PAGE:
Read all about the ins and outs of brewing beer. From hops to hydrometers, our brewmasters have written hundreds of blog posts to help you brew your best.

Invigorate your boil


As a lazy homebrewer, I take a few shortcuts when brewing at home. One of these shortcuts is brewing on an otherwise entirely unsuitable, flat glass electric stove.
I do not enjoy this stove in general, but it came with the apartment, so it’s what I use. Although I have a propane burner, it is less than ideal for brewing, since I live/ferment in an upper level apartment, and don’t have much interest in hauling all of my gear up and down the stairs. As it stands, I straddle my 8 gallon megapot over two burners on my less than ideal stovetop. I use an anti-foam agent for stovetop batches, mainly because I often start with 7-7.5 gallons in my 8 gallon megapot. It works very well, though it does fool me into thinking that I’m not boiling aggresively enough, as the surface of the wort is quite calm. Read more

The Importance of Being Hydrated: Dry Yeast Handling

There is a dearth of information out there regarding yeast handling, and probably as much misinformation. Some brewers are still under the impression that dry yeast is inferior to liquid yeast. As we mentioned in a previous blog post, the quality of dry yeast now is equal to liquid yeast in almost all cases. Another […]

How to Make Invert Sugar

Ever feel like your brewhouse could use more science nerdery? Try making invert sugar! Read more

Brewing Malt Demystified

Golden Promise … pale malt? Two row? What’s the difference?

School’s in: Read more

Nutrient vs. Energizer: Which Should I Use and When?

Nutrients and Energizers sound pretty beneficial – and they can be! But, what the heck are these products!? Moreover, if you use the wrong stuff or an inappropriate bolus, you can do some major damage to your yeast!  What you need to know about nutrient vs. energizer Read more

Mysteries of the Yeast Starter Revealed

Anyone can make a yeast starter. Don’t believe me? Ok, raise your hand if you’ve ever made a beer. Is your hand in the air? Congratulations, you’ve made a yeast starter before.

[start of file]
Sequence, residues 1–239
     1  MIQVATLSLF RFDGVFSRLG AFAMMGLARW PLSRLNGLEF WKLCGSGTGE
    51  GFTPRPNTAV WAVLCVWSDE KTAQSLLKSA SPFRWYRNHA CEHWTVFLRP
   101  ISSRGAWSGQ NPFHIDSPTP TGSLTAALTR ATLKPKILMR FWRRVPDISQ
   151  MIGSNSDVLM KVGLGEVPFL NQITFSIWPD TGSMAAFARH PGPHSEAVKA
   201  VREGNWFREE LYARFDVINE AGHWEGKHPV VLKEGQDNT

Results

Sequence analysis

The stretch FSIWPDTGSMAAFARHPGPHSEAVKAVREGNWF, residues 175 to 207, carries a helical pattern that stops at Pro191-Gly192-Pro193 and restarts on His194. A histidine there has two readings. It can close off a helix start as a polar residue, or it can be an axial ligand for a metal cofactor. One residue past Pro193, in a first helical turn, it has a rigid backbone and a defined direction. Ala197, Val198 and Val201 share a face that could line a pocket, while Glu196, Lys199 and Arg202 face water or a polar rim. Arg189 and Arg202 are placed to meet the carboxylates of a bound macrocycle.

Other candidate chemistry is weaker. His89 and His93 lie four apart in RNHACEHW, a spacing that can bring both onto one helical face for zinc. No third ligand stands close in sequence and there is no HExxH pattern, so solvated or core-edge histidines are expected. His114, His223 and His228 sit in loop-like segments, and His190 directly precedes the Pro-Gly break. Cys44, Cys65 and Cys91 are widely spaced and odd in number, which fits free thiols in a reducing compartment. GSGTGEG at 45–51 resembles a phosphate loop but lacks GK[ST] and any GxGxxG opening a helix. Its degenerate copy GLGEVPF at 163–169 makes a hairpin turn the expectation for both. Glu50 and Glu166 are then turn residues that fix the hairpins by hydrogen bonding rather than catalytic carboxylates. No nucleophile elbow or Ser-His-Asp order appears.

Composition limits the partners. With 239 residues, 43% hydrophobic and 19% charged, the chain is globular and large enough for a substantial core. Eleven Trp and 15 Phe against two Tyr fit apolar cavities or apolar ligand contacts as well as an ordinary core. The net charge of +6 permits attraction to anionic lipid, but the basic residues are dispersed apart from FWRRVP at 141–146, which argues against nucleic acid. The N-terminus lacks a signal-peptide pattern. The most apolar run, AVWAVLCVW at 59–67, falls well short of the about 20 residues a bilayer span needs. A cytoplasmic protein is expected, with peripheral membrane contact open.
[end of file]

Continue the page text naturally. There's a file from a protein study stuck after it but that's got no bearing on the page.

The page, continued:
A massive, hopped, 5 gallon yeast starter Read more

My Favorite Brewing Sites: Brewing Calculators

p1000074On-line brewing calculators can help you figure out questions as simple as what you should expect as a final gravity, or as complicated as what color beer you will get with which grains. Here are a few that I use on a weekly – if not daily – basis: Read more

Finnish your beer

Ahh … sahti . It’s like drinking a Christmas tree. F or those of you who may be rye-curious, here’s one way to craft a pint of piney cheer:

Kalevala Sahti: the recipe
(five gallons)

  • 9 lbs Munich 40 EBC
  • 9 lbs malted rye
  • 1 lbs flaked oats
  • 1 lb rice hulls
  • 1 oz Northern Brewer pellets (mash hop)
  • 2 lbs (approx) fresh, non-chemically sprayed juniper branches (watch out for Xmas wreaths, y’all)
  • Wyeast 1007

Kalevala Sahti: the process

Layered juniper branches over false bottom in mash tun; add grist, mash hops, and strike water.

Step mashed with rests at 90, 120, 150, and 160 F. Ran the wort off and let cool overnight (if it’s -20 F air temp, you’ll be authentically Finnish). Pitched yeast the following morning. Fermented at 68 F for about 8 days … then kegged. Yup, she’s boozy, yeasty, and ready to drink.

Kalevala Sahti: the tasting notes

Appearance – golden orange, turbid, dense white foam (we carbonated it more than is traditional)

Aroma – balance is way towards intense, pungent, resiny juniper (pine sap and needles) with spicy grain at the back

Flavor – more of that juniper character, strong in the front and tapering through the middle, grudgingly sharing room with bready malt, spicy rye and a suggestion of oats and alcohol. Surprisingly smooth and balanced for a beer of this gravity with nothing but mash hops. Prickly, piney evergreen tree in the aftertaste.

Body – oily and warming

Overall – not as unfamiliar or weird as it might sound … it’s not such a huge leap from Chinook and Simcoe to actual pine bough flavor. And definitely drinkable! Juniper does a nice job standing in for hops and offsetting the sweetness of a doppelbock-strength grain bill.

And finally …

Optimally enjoyed next to an ice floe in a t-shirt on a cold Minnesota day. Don’t forget to pour a little out for your homies in Lappland!